Successful sales organizations and leaders know better. They understand and leverage their sales culture to create peak performance in four ways:
— A Clear and Modeled Sales Culture
To impact performance, the desired sales culture (how things get done) must be clearly articulated to employees and consistently monitored, modeled, and rewarded by sales leadership. Anything less will create skepticism and misalignment.
— Aligned and Believed Behaviors and Actions
For your sales culture to matter, it must not only tie directly to your strategy, but the sales force must also believe that it is a key driver in helping them to achieve their targets. This includes ensuring that sales reps who are high performers are perceived as consistently living your desired sales culture. Any cracks in the system can pull down sales performance.
— Experienced and Consistent Behaviors and Actions
To be effective, employees must experience your company’s desired sales culture on a regular basis with a predictable cadence. Your sales culture should boost your sales force’s “immune system” by keeping the sales team healthy and defending against behaviors and actions that do not match how you want things to get done.
— Balanced Soft and Hard Performance Management
On the “soft side,” meaningful sales cultures make employees proud and motivated to do their best at every turn. On the “hard side,” accountable cultures ensure that substandard performers (when given the required support) must improve quickly if they wish to remain employed. Different from the old-school “up or out” mentality, this “improve or move on” mentality ensures that sales reps focus on and are rewarded for measurable performance improvement.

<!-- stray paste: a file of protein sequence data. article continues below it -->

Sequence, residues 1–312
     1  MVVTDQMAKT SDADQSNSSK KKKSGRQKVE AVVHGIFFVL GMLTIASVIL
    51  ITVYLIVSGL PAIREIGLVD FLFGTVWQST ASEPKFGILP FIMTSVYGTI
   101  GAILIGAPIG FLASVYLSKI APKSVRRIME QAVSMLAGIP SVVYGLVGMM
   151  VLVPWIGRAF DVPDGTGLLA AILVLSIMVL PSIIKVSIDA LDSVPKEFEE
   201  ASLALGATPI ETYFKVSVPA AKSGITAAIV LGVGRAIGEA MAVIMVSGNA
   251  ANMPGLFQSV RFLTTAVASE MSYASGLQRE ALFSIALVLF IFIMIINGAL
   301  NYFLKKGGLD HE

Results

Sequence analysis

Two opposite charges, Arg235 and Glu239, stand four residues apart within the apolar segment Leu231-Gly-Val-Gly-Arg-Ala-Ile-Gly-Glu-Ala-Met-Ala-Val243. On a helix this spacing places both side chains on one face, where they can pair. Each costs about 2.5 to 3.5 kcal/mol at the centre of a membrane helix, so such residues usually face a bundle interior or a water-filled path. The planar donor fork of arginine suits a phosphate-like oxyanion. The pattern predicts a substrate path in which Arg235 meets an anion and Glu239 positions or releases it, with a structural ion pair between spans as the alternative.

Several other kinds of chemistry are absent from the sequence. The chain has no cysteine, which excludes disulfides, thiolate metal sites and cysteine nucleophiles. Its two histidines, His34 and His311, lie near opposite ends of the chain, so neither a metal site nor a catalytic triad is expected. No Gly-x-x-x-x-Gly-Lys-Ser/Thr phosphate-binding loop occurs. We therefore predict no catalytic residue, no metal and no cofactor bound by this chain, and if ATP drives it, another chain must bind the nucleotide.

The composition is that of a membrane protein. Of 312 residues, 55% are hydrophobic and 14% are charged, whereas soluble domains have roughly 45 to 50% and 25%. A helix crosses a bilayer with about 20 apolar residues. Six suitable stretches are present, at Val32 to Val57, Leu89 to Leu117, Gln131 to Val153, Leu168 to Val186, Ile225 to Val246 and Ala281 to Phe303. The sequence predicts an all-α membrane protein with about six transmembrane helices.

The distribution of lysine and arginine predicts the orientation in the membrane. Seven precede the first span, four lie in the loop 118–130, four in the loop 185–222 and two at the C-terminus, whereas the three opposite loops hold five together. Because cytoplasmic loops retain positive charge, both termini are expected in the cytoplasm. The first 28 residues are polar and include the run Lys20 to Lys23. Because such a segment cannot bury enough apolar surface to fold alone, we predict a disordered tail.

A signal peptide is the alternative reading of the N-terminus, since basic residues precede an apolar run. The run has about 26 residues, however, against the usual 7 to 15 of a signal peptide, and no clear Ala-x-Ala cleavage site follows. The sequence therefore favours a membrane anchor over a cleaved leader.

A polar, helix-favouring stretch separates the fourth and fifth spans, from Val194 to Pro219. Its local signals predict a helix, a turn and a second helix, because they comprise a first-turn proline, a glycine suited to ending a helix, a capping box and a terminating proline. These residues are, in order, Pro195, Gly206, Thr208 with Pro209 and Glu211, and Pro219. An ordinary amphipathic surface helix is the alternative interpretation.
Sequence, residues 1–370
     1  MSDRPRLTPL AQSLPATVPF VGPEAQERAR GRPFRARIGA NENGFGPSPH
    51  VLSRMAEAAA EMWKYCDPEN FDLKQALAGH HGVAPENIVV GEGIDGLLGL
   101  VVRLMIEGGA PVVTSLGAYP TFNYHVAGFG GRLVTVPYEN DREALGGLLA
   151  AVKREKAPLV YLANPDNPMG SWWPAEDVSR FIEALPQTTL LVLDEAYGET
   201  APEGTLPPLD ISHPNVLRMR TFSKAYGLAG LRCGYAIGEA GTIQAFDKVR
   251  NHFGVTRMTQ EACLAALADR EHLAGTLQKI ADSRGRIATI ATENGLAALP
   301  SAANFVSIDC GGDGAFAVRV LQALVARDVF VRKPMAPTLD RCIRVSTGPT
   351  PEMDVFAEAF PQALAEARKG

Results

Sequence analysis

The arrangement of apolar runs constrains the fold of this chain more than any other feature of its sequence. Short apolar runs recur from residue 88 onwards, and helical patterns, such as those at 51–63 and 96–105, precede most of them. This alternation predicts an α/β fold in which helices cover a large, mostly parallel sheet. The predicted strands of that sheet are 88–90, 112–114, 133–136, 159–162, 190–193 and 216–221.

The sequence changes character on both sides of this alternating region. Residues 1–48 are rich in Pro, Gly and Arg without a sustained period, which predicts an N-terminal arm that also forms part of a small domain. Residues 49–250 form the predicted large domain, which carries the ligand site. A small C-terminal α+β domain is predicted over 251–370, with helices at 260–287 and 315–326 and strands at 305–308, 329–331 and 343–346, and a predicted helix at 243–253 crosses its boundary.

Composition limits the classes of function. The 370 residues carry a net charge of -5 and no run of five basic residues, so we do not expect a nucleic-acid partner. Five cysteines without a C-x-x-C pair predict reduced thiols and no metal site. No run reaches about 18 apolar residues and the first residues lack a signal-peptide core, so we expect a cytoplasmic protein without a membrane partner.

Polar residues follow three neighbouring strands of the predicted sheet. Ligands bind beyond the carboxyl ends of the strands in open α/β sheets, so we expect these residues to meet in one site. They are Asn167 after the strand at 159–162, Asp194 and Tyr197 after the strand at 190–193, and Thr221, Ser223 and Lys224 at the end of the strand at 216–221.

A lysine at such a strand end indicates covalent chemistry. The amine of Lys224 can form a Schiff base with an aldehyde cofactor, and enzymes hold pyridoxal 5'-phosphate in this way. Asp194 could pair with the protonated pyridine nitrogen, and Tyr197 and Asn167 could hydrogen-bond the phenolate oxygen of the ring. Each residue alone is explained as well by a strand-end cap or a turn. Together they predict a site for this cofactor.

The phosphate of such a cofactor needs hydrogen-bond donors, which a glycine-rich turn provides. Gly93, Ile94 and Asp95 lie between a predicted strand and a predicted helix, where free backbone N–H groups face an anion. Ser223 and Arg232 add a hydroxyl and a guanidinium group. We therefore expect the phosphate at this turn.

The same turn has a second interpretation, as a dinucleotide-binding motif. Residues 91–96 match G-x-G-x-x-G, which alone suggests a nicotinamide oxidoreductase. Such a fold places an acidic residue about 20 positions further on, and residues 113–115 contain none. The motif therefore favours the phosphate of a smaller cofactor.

- Playing the Right Role at the Right Time
While the specific role of a sales manager varies according to an organization’s strategy, sales processes, and situation, sales manager roles and responsibilities include the ability to play three critical roles well:
— Sales Strategist
In the role of sales strategist, effective sales managers set a clear direction and path for the sales team that is aligned with the overall business strategy. This includes defining the target market, ideal target client profile, positioning, market differentiation, competition, sales territories, market segmentation, sales and distribution models, and the aforementioned sales success metrics.
— Sales Proprietor
In the role of sales proprietor, sales managers utilize their operational and managerial skills to monitor, control, and review sales activities versus sales plan. This includes managing the sales team’s budget, sales forecasts, sales processes, sales methodologies, systems, and plans in addition to making the tough decisions on pricing and team structure.
— Sales Coach
In the role of sales coach, sales leaders hire, coach, engage, develop, and retain their people in alignment with their sales culture while using their knowledge and experience to understand customers, help close deals, and move the team forward.
The Bottom Line
Sales manager roles and responsibilities matter. Unfortunately most research shows that sales managers spend at least half of their time fighting fires and dealing with administrative tasks that do not move their sales teams (or their customers) forward. To succeed, do not let your sales managers get caught up in non-value-added activities.
To learn more about how to be a great sales manager, download What Sales Managers Really Need to Know About Sales Coaching